We celebrated the 1970s with another trio of programs. Costumed participants enjoyed a 1976 Bicentennial picnic near Ackley Covered Bridge. The band Classic Gold provided mini concerts of classic rock hits at the nearby gazebo. And, at the Herschell-Spillman Carousel, the vintage band organ pumped out music of a different vintage as it played hits by ’70s Swedish pop phenom ABBA throughout the weekend.
Regular pass-in-review programs provided expert commentary on participating cars, like this 1955 Pontiac Star Chief. / Photo by Matt Anderson
As always, Motor Muster visitors could choose to walk throughout Greenfield Village to see the cars arranged in chronological groupings, or they could find a seat in the bleachers on Main Street and let the cars come to them. Our pass-in-review programs, held throughout the weekend, had participant cars parading past the reviewing stand where expert narrators provided commentary on the various vehicles—design elements, engineering achievements, and personal stories from the collectors who shared their cars with us at the show.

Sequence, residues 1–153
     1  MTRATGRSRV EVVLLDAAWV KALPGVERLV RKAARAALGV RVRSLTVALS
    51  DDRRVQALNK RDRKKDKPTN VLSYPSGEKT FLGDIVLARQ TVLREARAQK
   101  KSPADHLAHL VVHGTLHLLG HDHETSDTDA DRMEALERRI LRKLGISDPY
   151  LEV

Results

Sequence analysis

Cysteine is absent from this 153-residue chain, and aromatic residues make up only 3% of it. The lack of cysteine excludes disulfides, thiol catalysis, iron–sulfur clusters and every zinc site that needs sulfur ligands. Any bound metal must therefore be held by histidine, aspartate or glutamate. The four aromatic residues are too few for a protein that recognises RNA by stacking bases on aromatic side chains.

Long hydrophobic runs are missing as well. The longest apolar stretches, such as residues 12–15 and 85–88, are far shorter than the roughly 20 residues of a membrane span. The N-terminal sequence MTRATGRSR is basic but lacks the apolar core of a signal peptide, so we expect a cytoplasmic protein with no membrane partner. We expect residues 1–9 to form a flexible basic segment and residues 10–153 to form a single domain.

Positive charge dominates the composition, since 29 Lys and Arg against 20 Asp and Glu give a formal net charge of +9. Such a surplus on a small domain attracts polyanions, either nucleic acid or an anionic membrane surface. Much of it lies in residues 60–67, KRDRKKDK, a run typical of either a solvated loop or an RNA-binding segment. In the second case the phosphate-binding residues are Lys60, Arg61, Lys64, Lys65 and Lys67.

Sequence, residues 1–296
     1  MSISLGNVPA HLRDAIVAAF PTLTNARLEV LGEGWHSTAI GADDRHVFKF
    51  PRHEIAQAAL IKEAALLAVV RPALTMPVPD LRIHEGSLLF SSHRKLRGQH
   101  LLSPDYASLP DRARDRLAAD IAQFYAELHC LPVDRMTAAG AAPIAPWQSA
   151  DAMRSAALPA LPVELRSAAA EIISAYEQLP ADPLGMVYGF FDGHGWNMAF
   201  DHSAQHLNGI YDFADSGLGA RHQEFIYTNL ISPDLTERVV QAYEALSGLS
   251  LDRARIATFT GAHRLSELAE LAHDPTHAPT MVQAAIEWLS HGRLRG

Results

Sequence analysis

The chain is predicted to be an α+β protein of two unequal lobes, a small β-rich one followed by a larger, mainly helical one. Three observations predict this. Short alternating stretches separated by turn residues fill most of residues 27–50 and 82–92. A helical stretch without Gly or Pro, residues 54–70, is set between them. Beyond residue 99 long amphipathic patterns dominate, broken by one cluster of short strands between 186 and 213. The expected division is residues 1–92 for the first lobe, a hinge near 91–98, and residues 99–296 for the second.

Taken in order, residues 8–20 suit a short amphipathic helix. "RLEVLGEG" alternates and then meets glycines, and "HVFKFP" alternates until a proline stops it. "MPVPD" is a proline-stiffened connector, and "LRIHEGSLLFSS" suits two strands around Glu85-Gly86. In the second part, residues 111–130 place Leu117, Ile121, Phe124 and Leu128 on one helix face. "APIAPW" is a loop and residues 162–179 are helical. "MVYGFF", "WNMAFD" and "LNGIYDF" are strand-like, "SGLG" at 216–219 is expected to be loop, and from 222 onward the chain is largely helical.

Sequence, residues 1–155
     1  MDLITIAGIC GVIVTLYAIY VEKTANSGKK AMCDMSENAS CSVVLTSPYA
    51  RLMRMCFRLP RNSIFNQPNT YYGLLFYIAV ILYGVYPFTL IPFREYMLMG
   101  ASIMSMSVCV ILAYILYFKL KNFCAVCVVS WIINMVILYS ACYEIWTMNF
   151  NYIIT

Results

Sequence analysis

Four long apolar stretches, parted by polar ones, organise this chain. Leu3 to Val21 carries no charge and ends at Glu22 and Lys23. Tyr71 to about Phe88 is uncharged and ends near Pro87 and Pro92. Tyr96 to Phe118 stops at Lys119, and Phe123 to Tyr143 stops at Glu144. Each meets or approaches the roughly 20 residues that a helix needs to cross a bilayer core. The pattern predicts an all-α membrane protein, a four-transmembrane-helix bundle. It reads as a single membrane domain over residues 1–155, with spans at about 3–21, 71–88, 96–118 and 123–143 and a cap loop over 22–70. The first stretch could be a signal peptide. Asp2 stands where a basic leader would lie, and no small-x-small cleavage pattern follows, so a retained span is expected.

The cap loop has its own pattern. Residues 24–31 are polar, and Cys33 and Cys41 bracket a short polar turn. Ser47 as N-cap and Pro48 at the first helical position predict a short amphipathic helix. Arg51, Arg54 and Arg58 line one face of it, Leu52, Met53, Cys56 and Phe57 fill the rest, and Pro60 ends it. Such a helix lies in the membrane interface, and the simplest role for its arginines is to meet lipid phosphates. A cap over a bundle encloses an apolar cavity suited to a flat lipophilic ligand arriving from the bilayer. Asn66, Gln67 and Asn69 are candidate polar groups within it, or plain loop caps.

After a couple of unusual years, it was good to be back at a Motor Muster that felt so close to normal. We’ve missed the cars for sure, but we’ve missed the camaraderie even more. Ask any of the show’s participants—the cars might draw us into this hobby, but it’s the stories and the friendships that keep us hooked.